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Ted Neward posted this blog entry on his thoughts after PDC 2008. Specifically, Ted said:

The language world was a bit abuzz at the barely-concealed C# 4.0 features, mostly centering around the new "dynamic" keyword and the C# REPL loop capabilities, but noticeably absent was any similar kind of talk or buzz around VB 10. Even C++ got more attention than VB did, with a presentation clearly intending to call out a direct reference to Visual C++'s heyday, "Visual C++: Why 10 is the new 6". Conversations I had with a few Microsofties make it pretty clear that VB is now the red-headed stepchild of the .NET language family, and that fact is going to start making itself widely felt through the rest of the ecosystem before long, particularly now that rumors are beginning to circulate that pretty much all the "gifted kids" that were on the VB team have gone to find other places to exercise their intellect and innovation, such as the Oslo team. I think Microsoft is going to find itself in an uncomfortable position soon, of trying to kill VB off without appearing like they are trying to kill VB off, lest they create another "VB revolution" like the one in 2001 when unmanaged VB'ers ("Classic VBers"?) looked at VB.NET and collectively puked.

I disagree.

Frankly, VB.NET has been seen as a second-class citizen for a while – at least among the VB MVPs, who are rather sensitive to the continued slights from Microsoft. The list of SDKs that release without VB support is rather lengthy – XNA (3.0 no less) and the Live SDK come readily to mind. As I mentioned, the cloud computing labs had no VB examples at PDC.

So what? There are incredibly talented developers and architects using VB, for a variety of reasons. Some use it because that’s where they started – VB6 and VBA programming. Some use it because that’s what their entire company uses. I’m not claiming to fall into the “incredibly talented” category, but Colorado Customware uses VB exclusively. The company is nearly twenty years old and has a very successful product, so clearly the choice of language didn’t hinder them much at all. Folks like Steele Price are doing things with VB that literally are not possible with C#.

VB versions of Visual Studio continue to be downloaded far faster than C#. Last I heard, there were something like 6 million VB developer in the US. Of course, I can’t remember where I heard that, or verify it easily. And before you scoff at “hobbyist” developers, the reality is that there is a tremendous number of applications that run businesses that were written by non-professional developers.

I do agree with Ted, however, that Microsoft has pretty much painted themselves into a corner with their poor treatment of VB and the VB community. Every time a Microsoft presenter gets up in front of a group and presents solely in C#, they lend more fuel to the fire, feeding the rumor that VB is dying.

Is the fact that there wasn’t much buzz around VB really indicative of a slow death? Of course not. I’d love to see the demographics on the PDC attendees’ language of choice, but with all the keynotes, labs, etc being C#-centric, it doesn’t do much to encourage hallway conversations of the VB language futures. We also don’t have a messiah figure to rally around – VB has historically had more of a “design by committee” approach, a far healthier long-term strategy even if building consensus can be painful. This is one of the main reasons I’m not terribly concerned that the “gifted kid” Paul Vick has moved on to the Oslo team. After 10 years of guiding the language, I can understand why he wants to try something new. At the same time, I’m sure that Paul isn’t abandoning the team – he was very clear that he’s also wearing the “VB Architect Emeritus” hat.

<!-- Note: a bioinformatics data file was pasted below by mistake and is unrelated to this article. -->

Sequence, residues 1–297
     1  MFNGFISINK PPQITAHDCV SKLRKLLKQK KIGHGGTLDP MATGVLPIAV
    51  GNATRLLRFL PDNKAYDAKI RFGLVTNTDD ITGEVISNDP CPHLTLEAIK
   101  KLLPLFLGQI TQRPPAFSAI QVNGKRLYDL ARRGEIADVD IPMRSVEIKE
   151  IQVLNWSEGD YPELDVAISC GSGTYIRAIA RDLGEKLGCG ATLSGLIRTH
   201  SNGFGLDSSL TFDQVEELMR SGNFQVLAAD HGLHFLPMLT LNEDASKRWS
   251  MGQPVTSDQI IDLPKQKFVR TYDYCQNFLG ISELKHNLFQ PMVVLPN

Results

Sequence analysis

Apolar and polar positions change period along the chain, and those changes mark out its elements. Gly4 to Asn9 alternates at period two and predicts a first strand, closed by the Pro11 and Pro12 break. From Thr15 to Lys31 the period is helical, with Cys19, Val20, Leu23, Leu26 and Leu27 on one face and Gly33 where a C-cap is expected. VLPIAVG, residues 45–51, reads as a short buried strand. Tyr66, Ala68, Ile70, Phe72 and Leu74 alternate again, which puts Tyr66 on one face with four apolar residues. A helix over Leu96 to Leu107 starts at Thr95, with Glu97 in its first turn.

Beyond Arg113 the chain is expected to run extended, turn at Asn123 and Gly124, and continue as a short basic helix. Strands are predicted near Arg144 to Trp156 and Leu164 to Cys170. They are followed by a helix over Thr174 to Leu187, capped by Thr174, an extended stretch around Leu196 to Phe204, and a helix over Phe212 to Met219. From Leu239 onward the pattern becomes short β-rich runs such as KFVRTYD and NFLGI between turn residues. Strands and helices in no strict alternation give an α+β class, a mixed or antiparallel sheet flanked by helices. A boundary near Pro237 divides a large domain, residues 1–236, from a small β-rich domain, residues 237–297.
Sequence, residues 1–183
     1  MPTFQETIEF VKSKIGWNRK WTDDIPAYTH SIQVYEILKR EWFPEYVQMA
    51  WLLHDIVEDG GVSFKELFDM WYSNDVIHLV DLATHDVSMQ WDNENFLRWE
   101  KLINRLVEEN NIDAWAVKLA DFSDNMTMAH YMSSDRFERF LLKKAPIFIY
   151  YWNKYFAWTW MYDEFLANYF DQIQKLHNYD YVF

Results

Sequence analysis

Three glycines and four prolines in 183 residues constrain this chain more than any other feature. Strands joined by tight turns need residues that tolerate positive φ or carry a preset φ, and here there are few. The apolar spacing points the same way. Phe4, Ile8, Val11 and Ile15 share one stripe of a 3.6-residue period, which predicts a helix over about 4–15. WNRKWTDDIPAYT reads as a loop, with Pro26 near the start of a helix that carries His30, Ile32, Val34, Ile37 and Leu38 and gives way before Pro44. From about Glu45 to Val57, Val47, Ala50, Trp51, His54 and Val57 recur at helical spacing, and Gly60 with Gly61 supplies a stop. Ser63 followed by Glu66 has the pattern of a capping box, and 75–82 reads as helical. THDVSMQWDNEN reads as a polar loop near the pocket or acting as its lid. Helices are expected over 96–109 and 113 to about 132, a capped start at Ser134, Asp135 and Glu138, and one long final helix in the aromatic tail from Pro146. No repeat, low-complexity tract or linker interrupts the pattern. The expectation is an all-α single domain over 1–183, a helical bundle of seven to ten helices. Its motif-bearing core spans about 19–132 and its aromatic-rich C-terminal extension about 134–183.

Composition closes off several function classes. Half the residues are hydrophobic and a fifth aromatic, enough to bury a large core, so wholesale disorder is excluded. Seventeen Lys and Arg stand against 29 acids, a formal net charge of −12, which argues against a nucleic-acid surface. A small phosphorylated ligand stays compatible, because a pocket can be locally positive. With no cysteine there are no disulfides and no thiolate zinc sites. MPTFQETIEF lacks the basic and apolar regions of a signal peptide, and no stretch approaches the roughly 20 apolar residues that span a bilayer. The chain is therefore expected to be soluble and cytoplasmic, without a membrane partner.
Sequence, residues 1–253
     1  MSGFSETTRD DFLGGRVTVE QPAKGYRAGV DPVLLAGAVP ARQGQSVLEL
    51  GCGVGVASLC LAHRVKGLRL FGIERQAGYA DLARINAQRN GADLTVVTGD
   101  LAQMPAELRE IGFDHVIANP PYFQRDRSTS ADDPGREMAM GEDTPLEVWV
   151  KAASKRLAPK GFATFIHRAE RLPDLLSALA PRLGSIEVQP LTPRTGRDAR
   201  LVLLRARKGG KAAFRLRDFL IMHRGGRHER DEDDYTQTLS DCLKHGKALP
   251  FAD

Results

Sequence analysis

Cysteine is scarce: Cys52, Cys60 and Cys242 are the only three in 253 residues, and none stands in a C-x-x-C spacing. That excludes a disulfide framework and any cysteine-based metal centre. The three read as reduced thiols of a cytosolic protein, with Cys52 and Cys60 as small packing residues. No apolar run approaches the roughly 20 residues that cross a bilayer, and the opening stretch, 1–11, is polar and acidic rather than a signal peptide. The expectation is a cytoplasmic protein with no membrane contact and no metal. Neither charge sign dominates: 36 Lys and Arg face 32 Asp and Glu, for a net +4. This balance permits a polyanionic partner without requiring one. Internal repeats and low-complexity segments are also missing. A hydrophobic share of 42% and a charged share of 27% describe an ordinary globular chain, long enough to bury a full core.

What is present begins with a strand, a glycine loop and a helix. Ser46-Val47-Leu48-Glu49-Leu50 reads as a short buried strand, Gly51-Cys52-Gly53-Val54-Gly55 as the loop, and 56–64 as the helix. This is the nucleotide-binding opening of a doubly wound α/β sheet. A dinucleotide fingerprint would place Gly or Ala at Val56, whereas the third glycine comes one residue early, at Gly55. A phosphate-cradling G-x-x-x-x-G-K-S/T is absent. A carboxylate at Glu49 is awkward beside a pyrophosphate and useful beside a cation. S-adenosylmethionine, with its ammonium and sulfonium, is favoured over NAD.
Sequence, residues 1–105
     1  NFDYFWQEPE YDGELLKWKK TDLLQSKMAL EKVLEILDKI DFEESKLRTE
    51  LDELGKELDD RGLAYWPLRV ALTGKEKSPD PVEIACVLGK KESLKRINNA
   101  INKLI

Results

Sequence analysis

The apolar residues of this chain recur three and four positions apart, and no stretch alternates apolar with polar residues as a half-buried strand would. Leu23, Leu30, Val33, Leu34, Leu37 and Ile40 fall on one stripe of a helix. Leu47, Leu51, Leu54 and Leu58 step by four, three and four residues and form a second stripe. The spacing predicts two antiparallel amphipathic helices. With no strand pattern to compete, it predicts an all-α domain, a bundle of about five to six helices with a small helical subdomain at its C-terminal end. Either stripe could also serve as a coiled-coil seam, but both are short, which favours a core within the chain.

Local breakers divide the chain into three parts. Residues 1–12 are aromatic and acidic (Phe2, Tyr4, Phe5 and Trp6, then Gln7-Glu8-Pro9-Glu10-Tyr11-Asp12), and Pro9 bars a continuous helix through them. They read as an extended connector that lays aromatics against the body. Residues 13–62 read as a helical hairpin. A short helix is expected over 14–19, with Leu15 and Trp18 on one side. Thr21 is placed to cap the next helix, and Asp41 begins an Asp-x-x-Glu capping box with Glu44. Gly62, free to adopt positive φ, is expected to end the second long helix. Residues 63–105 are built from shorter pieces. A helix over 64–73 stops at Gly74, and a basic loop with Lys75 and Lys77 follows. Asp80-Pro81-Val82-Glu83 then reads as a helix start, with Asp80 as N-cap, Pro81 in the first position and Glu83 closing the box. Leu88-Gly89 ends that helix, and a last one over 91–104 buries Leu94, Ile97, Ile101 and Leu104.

The new kid on the block, Lucian Wischik, has replaced Paul – or rather, has moved into his spot on the committee. I had the opportunity to have lunch with Lucian on the last day of PDC. Already, I appreciate his enthusiasm and energy. More than that, he is determined to make the language syntactically simpler, more elegant. One of the happy side effects of this approach is that the niggling little things that never seemed to get much attention will finally get fixed. Lucian takes this approach outside the language itself, as well, and is willing to address the IDE issues that take up a developer’s time.

On the subject of “gifted kids",” I’d have to say that Lucian certainly qualifies. Anyone who can pick up a PhD in concurrency theory at Cambridge is a whole lot smarter than I am! And Steve Lucco, Distinguished Engineer, just moved from Oslo to the VS languages team. So, without denigrating or minimizing Paul’s contributions, I think the consequences of his move to the Oslo team are being blown way out of proportion.

Oh… and those C# language features that “everyone” was talking about? They include named parameters and optional parameters as a couple of the biggies... things that VB has had for a decade or more. Hardly worth talking about.

Posted on Wednesday, November 5, 2008 2:30 PM Software Development , MVP , PDC 2008 , VB | Back to top


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